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Non-Contact Thermometer readings - Breaker box and elsewhere

Non-Contact Thermometer readings - Breaker box and elsewhere

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  #1  
Old 11-11-13, 05:26 AM
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Non-Contact Thermometer readings - Breaker box and elsewhere

I picked up a cheap infared noncontact thermometer. I was putting it thru the paces. On my circuit breaker panel I noticed the breakers were reading about 65 degrees. Including the main breaker.

However, my dryer was running for about an hour that day and that breaker was measuring about 70 degrees.

Im just curious what type of temerature swing would be normal with breakers?

Any other information about heat and devices would be interesting too.

Thanks
 
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Old 11-11-13, 05:28 AM
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Fahrenheit, Centigrade, or Kelvin?
 
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Old 11-11-13, 08:56 AM
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65'-70' c. Not sure if I can toggle between on my thermometer.
 
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Old 11-11-13, 06:42 PM
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I picked up a cheap infrared non-contact thermometer. I was putting it thru the paces. On my circuit breaker panel I noticed the breakers were reading about 65 degrees [C]. Including the main breaker. [...] I'm just curious what type of temperature swing would be normal with breakers?
IDK. For one thing, it sounds like you just opened the door and scanned the faces of your breakers. For another, "temperature swing" is not a measurement I'm familiar with with breakers.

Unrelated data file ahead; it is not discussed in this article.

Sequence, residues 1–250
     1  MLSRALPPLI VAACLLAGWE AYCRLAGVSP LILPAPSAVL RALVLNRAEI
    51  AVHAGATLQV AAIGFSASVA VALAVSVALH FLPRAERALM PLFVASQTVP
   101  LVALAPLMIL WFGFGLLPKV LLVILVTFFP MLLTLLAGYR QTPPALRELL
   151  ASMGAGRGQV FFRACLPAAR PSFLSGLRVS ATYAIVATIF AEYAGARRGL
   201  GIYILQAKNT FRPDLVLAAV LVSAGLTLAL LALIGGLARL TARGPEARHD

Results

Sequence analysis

Infrared scanning is done every day on distribution panels as part of regular maintenance. The way it is done is by removing the deadfront and scanning the interior. Most often, this is done by taking an infrared image of the wiring. What we're looking for when we do that is "hot spots." Those are typically found at terminations and at wire bends. A hot spot at a termination usually indicates a loose connection. A hot spot at a wire bend almost always indicates that that wire was bent sharply enough to damage the conductor by thinning it enough to increase its resistance (decrease its ampacity).

With the advent of hand-held non-contact temperature sensors like the one you bought, some contractors have started using those to do a scan to determine whether a particular panel shows might have any hot spots, and therefore warrant imaging.

The last I heard, the jury was still out on whether basing a decision on imaging the panel on the basis of a scan with a non-contact thermometer - adopted to increase "efficiency," of course - decreased effectiveness enough to warrant its being banned, or had so little effect on that that it was deemed acceptable.

A well-made and properly installed breaker won't be adversely affected by the temperature generated by its use. Its designed function is to protect the conductor it's supplying against thermal overload. In order to do that, it must be able to function at temperatures well above those which would damage the conductor it's protecting. As a reference point, consider that the conductors being installed today are made to withstand up to 90[SUP]o[/SUP] C., or 194[SUP]o[/SUP] F., because their insulation is better than that on older conductors. Those are typically rared at 60[SUP]o[/SUP] C., or 140[SUP]o[/SUP] C.
 

Last edited by Nashkat1; 11-12-13 at 09:44 AM.
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